Nate Lury, Touro’s ‘King of the Kitchen,’ Passes Away

Nate Lury

Nathan “Nate” Lury, who served on the Board of Directors of Touro Fraternal Association for 42 years and was the long-time chairman of the House Committee, passed away on June 1 at the age of 94.

Nate was a 55-year member of Touro, having been initiated in April 1966.  He was presented a plaque at a lodge meeting in October 2018 to commemorate his retirement from the board. He was also honored at an “Old Timers Night” in 2013.

“It is impossible for me to tell you how much Touro and the brotherhood has meant to me,” Nate said that evening in 2013. “Through good times and not so good, my brothers are there for me, as I am for them, sharing laughter, love and pain. But through it all, we created some great and special memories.”

After Touro moved into its hall in Rolfe Square in Cranston in 1989, Nate oversaw the House operations for decades. The kitchen especially carried his imprint, according to Chairman Emeritus Bob Miller.

“Nate was responsible for the upkeep of the entire hall and always made sure everything was clean and neat and that all problems were immediately addressed,” said Miller. “But keeping a kosher kitchen was his pride and joy. He labeled all the cabinets for meat and dairy and made sure all the food was up to date. You’d walk into the kitchen and you’d immediately see ‘the Nate effect.’ If he wasn’t going to be there, he’d leave notes for us to make sure the food was prepared the right way.”

Nate always pitched in, whether it was boiling the water for the hot dogs and beans, handling the cooking, or setting up for the steak fry that he and Miller established.

He was described by his Touro brothers as the “King of the Kitchen.”

“While working on the Centennial project several years ago, we came across films of past Touro events. One showed Nate at the beginning of his long career manning the Touro kitchen at our former hall on Niagara Street,” said Chairman Emeritus Alan Lury, Nate’s cousin. “When I joined Touro thirty years later, new members were expected to volunteer for kitchen cleanup duty. I remember a number of Wednesday evenings working under the direction of Natie, as our family called him, and his sidekick Rodney Locke, washing pots and pans, making sure I did not mix up meat from the dairy. His presence will be missed, but the memories of his service to Touro will never be forgotten.”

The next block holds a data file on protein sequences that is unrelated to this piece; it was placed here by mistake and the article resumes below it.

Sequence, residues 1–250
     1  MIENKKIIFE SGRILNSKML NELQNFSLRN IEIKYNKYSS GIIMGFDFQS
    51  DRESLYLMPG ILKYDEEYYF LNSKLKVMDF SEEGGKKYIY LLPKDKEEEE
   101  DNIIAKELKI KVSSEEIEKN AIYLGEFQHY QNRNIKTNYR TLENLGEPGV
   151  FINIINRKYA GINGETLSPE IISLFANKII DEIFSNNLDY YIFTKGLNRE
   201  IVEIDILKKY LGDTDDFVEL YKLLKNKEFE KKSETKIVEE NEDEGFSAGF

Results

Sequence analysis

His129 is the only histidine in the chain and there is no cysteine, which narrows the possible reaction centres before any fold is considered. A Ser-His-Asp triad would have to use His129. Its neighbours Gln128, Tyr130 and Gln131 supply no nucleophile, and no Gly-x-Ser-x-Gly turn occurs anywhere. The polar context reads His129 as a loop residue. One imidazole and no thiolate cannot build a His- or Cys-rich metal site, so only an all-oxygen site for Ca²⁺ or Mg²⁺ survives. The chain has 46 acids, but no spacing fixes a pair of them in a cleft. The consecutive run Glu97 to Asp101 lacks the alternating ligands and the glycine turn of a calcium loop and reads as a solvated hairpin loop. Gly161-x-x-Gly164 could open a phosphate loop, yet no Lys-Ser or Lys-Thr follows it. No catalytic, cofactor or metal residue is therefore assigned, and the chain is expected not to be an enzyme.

Chairman Stevan Labush remembered when he first joined Touro more nearly 30 years ago, the brothers cooked the meals for the lodge meetings and Nate was in charge. “He was very detail oriented and extremely organized,” recalled Labush.

His giant presence was felt even beyond his work in the kitchen.

“For the brothers who rose through the leadership ranks with me, Nate was like a surrogate grandfather,” said Chairman Emeritus Jed Brandes. “Worldly in his knowledge of all things Touro, he was eager to share and encouraged growth. He was also ready to knock you down a notch when it was called for, especially if you transgressed in his domain, the kitchen. But mostly, he was a mensch, unconditionally ready to support his brothers, for the betterment of the association. Even as he loved Touro, he was universally loved by his brothers.”

Nate and Alan Lury

It was different era when Nate joined Touro in 1966.  He talked about those fun times at the “Old Timers Night.”

“A group of my close friends wanted to sponsor me and I was quickly hooked,” he said. “At our old hall on Niagara Street in the heart of South Providence, we had pool tables, ping pong, poker games and great meetings with well-known speakers. We also had infamous smokers – but we never did get raided. Maybe it helped that a few Providence cops were there too!”

When Touro left Niagara Street in the early 1970s, there were many years spent without a permanent hall. Nate explained that he would drag the pots and pans to cook kosher dinners at several locations like Vasa Hall.

Nate waxed nostalgic at the “Old Timers Night,” mentioning such bygone close friends and former board members like Joe Engle, Marshall Bornstein, Arthur Poulten, Leo Greenberg, Sy Chorney, Ben Rabinowitz and Jerry Hodosh.

“I hope you will take a minute to remember and thank the senior brothers that built Touro to the high level we are at today,” he stated in 2013.

Now it is time, in his honor, to remember the legacy of Nate Lury.

He is survived by a daughter, Gail Lury Wax, and her husband Dr. Frederick Wax of Plymouth, Mass. and Boynton Beach, Fla., and a son, Steven Lury, and his wife Michele, of Jupiter, Fla, and a grandchild, Morgan Lury.

Nate lived in Warwick, having previously resided in both Cranston and Providence. He was a World War II Army veteran, serving in the European Theatre. He was a salesman at My Bread Baking Co./Sunbeam Bread in Warwick for 33 years, retiring in 1989. Following his retirement, Nate worked part-time for Shalom Memorial Chapel.

Nate was a former member and past board member of Temple Beth-Shalom and Temple Torat Yisrael.  He was also a member of the Jewish War Veterans, Post 23

A graveside funeral service will be held this Sunday, June 6, at 10:00 a.m. at Lincoln Park in Warwick. Funeral arrangements are under the direction of Shalom Memorial Chapel. Donations may be made in Nate’s memory to the Touro Scholarship Fund, PO Box 3562, Cranston, RI 02910 or to Hope Health & Hospice, 1085 North Main Street, Providence 02904.

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